7. Ms. S. Janani, learned counsel, submits that the petitioners were eligible and sponsored by the Employment Exchange. Their names were included in the select panel which was intended to be operated. The DESU, and later DVB used the list and made appointments which indicates that it had every intention to make further appointments in respect of future vacancies till the panel was exhausted. Learned counsel submitted that the decision not to make further appointments is arbitrary since that would render candidates like the petitioners who were found suitable but waiting for want of vacancies ineligible due to their crossing the age limits prescribed, in the interregnum. She submitted that the decision acts harshly and amounts to penalizing the petitioners for no fault on their part.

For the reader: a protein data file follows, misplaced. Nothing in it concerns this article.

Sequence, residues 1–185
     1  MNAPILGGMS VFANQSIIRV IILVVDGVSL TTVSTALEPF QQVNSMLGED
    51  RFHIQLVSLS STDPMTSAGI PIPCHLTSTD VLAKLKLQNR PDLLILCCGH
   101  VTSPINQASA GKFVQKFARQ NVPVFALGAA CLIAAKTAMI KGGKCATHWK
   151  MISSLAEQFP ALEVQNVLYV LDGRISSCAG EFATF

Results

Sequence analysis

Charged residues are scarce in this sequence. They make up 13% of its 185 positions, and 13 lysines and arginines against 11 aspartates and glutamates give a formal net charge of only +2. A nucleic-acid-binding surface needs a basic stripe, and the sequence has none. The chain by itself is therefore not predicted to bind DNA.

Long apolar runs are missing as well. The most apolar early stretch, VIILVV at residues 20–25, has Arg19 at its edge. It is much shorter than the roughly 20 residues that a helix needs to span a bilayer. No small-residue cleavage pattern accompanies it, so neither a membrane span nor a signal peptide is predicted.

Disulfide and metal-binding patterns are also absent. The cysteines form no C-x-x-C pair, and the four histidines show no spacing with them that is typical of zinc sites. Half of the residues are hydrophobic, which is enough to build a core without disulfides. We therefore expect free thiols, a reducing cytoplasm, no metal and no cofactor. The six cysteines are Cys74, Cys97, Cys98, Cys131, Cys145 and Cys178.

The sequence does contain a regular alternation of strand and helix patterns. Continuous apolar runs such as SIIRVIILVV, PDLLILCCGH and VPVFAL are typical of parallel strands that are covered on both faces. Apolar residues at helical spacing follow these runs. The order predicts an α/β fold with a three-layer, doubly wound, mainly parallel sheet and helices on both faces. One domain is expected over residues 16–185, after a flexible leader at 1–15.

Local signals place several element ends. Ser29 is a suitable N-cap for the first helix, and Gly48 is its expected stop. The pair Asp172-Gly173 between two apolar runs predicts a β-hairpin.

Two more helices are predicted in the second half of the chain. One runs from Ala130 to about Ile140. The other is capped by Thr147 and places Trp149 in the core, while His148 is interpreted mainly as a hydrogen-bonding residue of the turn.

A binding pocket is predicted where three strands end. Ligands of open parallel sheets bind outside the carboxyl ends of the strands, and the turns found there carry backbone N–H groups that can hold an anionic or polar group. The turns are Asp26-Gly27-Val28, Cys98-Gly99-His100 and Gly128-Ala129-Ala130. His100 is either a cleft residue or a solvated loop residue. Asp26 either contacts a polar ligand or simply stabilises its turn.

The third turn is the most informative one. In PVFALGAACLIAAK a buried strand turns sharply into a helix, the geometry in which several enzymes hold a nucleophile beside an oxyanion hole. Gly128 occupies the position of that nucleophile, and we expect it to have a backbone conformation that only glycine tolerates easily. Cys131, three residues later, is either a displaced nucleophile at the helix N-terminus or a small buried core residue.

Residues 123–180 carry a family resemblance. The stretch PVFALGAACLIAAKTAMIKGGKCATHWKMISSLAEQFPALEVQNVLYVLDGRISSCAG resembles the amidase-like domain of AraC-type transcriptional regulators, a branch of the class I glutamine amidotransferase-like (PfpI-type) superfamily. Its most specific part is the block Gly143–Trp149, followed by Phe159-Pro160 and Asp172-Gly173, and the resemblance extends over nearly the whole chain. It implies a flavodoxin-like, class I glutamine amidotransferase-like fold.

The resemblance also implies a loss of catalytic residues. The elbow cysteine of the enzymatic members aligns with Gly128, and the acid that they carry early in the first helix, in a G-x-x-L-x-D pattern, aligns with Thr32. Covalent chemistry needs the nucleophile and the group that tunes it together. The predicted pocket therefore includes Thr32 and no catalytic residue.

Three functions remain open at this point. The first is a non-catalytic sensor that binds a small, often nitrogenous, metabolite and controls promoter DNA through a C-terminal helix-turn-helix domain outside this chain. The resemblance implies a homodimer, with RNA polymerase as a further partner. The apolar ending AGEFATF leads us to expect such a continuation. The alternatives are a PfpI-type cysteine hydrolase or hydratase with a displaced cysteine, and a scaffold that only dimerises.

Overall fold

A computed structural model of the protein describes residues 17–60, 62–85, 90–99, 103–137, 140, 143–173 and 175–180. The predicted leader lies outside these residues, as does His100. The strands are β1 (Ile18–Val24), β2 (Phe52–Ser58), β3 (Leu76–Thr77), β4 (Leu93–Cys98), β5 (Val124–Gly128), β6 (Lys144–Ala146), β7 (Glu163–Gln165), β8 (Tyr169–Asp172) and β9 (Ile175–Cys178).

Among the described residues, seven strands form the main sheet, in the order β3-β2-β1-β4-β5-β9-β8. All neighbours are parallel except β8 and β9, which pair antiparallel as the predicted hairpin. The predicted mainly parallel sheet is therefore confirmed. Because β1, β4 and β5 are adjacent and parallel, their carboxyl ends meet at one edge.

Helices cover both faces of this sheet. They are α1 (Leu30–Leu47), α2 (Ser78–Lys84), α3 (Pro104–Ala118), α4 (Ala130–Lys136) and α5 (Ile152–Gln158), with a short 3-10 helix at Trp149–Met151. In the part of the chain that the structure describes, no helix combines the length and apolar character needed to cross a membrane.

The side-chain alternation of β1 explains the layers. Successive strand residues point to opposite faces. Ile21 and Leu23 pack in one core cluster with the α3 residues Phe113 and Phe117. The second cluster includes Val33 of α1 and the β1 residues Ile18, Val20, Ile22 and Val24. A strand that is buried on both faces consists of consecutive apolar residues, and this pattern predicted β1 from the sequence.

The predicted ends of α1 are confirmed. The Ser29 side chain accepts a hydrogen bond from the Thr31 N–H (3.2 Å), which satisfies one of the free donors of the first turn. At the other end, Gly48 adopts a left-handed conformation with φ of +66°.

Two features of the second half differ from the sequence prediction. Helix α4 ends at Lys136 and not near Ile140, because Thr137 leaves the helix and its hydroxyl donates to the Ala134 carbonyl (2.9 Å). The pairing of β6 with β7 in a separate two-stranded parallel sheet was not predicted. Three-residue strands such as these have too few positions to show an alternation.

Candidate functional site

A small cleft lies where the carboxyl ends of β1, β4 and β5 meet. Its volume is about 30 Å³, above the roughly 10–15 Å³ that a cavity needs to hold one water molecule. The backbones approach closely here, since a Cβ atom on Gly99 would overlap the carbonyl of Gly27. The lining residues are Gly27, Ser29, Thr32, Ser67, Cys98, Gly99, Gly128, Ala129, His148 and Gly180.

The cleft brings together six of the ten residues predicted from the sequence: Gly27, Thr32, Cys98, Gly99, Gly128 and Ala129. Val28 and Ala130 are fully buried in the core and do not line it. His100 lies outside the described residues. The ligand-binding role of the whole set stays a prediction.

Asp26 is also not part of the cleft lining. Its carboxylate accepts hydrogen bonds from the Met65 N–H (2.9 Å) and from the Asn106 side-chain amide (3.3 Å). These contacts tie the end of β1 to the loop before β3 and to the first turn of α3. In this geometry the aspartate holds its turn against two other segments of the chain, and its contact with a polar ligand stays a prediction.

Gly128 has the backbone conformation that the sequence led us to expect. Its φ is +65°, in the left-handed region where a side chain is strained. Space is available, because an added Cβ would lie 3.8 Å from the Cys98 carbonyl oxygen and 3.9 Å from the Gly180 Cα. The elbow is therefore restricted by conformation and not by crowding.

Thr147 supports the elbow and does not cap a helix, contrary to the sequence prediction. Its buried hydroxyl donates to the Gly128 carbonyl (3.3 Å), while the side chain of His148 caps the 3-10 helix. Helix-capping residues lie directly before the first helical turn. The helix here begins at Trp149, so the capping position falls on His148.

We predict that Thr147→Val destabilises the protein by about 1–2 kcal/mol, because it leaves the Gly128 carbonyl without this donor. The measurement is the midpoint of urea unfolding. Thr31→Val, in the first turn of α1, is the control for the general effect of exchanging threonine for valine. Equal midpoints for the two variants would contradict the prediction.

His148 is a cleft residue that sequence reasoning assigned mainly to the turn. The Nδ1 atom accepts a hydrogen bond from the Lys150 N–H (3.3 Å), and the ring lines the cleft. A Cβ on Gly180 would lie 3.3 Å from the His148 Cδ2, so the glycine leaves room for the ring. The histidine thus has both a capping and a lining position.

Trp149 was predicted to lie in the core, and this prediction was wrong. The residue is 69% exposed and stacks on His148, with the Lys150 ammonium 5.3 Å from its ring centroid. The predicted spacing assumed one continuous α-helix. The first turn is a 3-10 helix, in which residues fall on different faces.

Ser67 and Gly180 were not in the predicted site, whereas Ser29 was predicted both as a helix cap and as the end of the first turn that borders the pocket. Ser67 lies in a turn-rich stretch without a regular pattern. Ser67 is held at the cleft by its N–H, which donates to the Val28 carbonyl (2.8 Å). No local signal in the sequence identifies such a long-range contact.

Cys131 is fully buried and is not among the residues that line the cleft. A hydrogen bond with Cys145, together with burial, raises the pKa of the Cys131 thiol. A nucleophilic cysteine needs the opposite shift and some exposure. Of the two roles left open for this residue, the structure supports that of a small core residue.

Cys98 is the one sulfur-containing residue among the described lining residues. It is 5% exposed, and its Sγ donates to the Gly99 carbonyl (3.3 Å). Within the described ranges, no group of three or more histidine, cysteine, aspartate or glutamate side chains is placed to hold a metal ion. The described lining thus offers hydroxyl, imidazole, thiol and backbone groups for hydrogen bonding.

8. Learned counsel for the petitioners also relied upon an circular/order of the Ministry of Home Affairs, Central Government, dated 8th February, 1982 the to say that the requisitioning authority/employer has to first exhaust the waiting/select list, and make appointments before resorting to fresh advertisements followed by another recruitment process.

9. The first point arising for consideration in the present case, is whether the petitioners can insist that the respondents should appoint them. It has been repeatedly held that the inclusion of a person’s name in a select list does not confer a vested right to seek appointment and that the appropriate appointing authority/Government is competent to cancel the entire list or only operate a portion of such list, for good and justifiable reasons (refer Shankarsan Dash v. Union of India, and State of Orissa v. Bhikari Charan Khuntia, ). In the latter decision, it was held that: